Musical beds

I’ve spoken at a few housing conferences now. Perhaps they like the way I remind them that housing associations are social enterprises. They certainly are perfectly positioned to play a significant role as all strive to rebuild damaged communities.

You see of all the agencies working to combat worklessness and other social ills, these guys already provide the homes they live in. They are trusted, have a working relationship and are inevitably one of the first ports of call when advice or help is needed. Add the fact that they’re largely untarnished by the negative publicity ‘enjoyed’ (or perhaps endured) by many public and private sector providers and you begin to see the opportunity.

But the relationship between tenant and social landlord is under threat. You see in its quest to make limited benefits budgets go further, the Department for Work and Pensions (DWP) is getting twitchy about covering the rent for bedrooms they deem not to be needed. If you’re on benefits and in a three-bedroom house, perhaps as a couple with two boys under 16, in the DWP’s eyes the lads should not need their own rooms.

Never mind the need for somewhere quiet to do school homework. Or indeed the natural desire of all adolescents for privacy. Only when the oldest hits 16 can they have their own room. It all links back to the DWP fear that they’re funding a million empty bedrooms when five million folk are on the waiting list for accommodation.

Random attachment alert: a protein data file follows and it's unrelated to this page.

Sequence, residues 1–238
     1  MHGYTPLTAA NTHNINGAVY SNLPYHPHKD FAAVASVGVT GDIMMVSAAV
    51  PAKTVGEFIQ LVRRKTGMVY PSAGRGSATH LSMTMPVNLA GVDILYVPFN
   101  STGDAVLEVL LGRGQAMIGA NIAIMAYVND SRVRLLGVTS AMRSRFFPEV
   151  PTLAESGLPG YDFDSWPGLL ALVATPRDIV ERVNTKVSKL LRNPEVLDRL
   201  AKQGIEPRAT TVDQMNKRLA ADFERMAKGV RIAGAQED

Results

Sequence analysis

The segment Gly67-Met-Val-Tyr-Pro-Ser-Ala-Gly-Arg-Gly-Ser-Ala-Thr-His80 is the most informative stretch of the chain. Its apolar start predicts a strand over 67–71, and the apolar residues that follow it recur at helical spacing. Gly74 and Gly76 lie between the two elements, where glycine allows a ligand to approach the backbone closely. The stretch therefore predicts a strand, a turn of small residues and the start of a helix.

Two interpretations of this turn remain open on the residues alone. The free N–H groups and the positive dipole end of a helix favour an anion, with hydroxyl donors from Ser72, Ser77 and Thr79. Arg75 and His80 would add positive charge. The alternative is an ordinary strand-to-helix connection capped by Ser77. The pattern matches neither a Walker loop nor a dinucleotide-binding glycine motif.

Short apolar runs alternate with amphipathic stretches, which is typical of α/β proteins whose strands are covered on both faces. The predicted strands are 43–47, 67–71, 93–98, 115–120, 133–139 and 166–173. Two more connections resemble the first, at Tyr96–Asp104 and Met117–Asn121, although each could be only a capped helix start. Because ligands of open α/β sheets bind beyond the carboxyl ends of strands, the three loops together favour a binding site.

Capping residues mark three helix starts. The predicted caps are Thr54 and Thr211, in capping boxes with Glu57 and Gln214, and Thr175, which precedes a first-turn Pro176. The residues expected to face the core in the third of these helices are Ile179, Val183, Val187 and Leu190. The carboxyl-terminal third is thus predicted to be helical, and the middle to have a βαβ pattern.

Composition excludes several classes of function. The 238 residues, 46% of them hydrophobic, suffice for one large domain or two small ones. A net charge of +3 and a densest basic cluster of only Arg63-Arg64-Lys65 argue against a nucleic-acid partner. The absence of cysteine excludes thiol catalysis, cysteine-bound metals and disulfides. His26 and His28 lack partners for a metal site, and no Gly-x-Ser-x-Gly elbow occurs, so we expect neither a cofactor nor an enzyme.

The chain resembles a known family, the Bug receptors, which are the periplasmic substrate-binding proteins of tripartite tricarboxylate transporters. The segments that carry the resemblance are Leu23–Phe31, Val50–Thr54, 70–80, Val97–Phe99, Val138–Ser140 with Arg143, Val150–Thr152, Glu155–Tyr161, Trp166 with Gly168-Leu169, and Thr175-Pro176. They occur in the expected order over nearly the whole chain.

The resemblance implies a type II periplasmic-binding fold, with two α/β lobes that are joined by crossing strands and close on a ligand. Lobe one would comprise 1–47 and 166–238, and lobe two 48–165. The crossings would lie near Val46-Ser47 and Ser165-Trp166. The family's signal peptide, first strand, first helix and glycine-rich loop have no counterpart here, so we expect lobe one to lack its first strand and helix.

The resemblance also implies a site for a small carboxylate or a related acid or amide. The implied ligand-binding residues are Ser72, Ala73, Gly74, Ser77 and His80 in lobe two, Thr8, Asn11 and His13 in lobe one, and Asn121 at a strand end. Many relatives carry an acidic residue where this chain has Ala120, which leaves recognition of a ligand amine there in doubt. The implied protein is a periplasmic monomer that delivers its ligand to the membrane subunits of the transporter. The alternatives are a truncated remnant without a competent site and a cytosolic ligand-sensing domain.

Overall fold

I recall a while ago reading somewhere the new idea that social housing should not be allocated for life, but merely as long as you need it. When the kids leave home, you can move out of your three bed semi into a single bedroomed flat and so on. It conjures a vision of ‘musical beds’, with social networks and the journey to work ever changing as folk move around in tune with their family situation.

Add into the mix those unfortunate Londoners being shipped up north to cheaper accommodation by some London boroughs and you destroy any opportunity for social landlords to do more than simply provide housing.

The irony of course is that to feel secure in one’s home, with neighbours you know in a place you relate to are essential precursors to getting a job. If you feel displaced and disconnected your self-esteem, confidence and perhaps even mental health will suffer.

Is anybody looking at the whole family when doing these budget saving calculations? Are health, education, housing and employment budgets ever blended to create the best result for both the individual and the state? Surely we have the technology, but do we have the will?


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